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### Converting Negative Decimals to Hexadecimal

```
Date: 05/30/2001 at 08:27:06
From: Josh Goodpaster
Subject: Converting negative decimal numbers to hexadecimal numbers

I'm trying to find out the formula for converting a negative decimal

Using calculators I can get any of the conversions like - 16 = F0, but
what I really need to know is HOW to get to F0 from - .16
```

```
Date: 06/05/2001 at 15:47:09
From: Doctor Twe
Subject: Re: Converting negative decimal numbers to hexidecimal
numbers

Hi Josh - thanks for writing to Dr. Math.

That way of representing signed number is called "sixteen's
complement" (the hexadecimal equivalent of two's complement in
binary). Generally, sixteen's complement hexadecimal is used as a
"shorthand notation" for two's complement signed binary numbers,
therefore I think it is easier to understand when taken in two steps.

To find the sixteen's complement hexadecimal value, you would first
convert the number to two's complement signed binary, then convert

To learn about two's complement, check out:

Two's Complement
http://mathforum.org/dr.math/problems/corbin.07.13.99.html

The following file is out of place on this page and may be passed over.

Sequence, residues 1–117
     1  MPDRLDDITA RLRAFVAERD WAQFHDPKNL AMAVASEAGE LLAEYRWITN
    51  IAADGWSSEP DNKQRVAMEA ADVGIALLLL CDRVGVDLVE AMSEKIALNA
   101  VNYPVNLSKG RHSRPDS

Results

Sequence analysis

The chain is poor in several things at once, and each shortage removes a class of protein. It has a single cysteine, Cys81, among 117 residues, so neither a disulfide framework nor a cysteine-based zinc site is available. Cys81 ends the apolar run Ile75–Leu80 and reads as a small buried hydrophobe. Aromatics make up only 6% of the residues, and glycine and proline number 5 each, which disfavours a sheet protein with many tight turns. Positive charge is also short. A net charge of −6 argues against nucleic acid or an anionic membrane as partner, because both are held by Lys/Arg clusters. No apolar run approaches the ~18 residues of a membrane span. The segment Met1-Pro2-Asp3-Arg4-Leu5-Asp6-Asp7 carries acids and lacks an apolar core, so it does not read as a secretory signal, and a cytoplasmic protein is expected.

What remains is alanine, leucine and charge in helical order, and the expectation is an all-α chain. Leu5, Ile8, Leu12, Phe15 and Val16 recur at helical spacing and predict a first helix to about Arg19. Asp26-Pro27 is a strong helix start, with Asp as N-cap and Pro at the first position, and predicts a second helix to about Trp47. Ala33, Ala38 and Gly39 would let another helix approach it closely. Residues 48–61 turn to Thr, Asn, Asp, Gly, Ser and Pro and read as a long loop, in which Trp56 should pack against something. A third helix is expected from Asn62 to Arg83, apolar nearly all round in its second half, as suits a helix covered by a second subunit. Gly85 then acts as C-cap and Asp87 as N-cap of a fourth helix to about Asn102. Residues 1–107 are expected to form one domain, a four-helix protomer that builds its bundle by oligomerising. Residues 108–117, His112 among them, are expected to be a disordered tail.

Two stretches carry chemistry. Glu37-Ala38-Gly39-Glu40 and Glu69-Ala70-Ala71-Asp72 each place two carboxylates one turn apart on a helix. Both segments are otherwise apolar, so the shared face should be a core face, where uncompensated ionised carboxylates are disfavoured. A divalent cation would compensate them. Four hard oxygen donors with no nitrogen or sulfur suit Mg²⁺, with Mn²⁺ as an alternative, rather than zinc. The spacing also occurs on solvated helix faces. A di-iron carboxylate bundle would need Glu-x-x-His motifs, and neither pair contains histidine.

Negative Numbers in Binary
http://mathforum.org/dr.math/problems/akella.8.19.99.html

http://mathforum.org/dr.math/problems/hamilton12.8.98.html

Binary Conversion
http://mathforum.org/dr.math/problems/stirling1.7.98.html

Converting Bases (bottom of the page)
http://mathforum.org/dr.math/problems/reinhardt12.21.97.html

all from our Ask Dr. Math archives.

Let's do an example. Suppose we want to find the hexadecimal
representation of -53 (base 10). First, we convert 53 to binary:

1 1 0 1 0 1
/ / / / / /
0  r 1  ---+ / / / / /
----          / / / / /
2 ) 1  r 1  ---+ / / / /
----          / / / /
2 ) 3  r 0  ---+ / / /
----          / / /
2 ) 6  r 1  ---+ / /
-----          / /
2 ) 13  r 0  ---+ /
-----          /
2 ) 26  r 1  ---+
-----
2 ) 53

So 53 (base 10) = 110101 (base 2). Next, we take the two's complement.
We'll use 8-bit values (as in your example), so we have to fill the
value to 8 bits by adding 2 leading zeroes on the left. Then invert
the bits and add 1. We then have:

00110101   (positive value)
|
v
11001010   (invert)
----------
11001011   (two's complement negative result)

This is how -53 is represented in two's complement signed binary. The
final step is to convert the binary to hexadecimal. We simply group
the bits into groups of four, then convert each group to its

1100 1011
\__/ \__/
12   11
C    B

So -53 (base 10) = CB (signed hexadecimal using complements).

I hope this helps. If you have any more questions, write back.

- Doctor TWE, The Math Forum
http://mathforum.org/dr.math/
```
Associated Topics:
High School Number Theory

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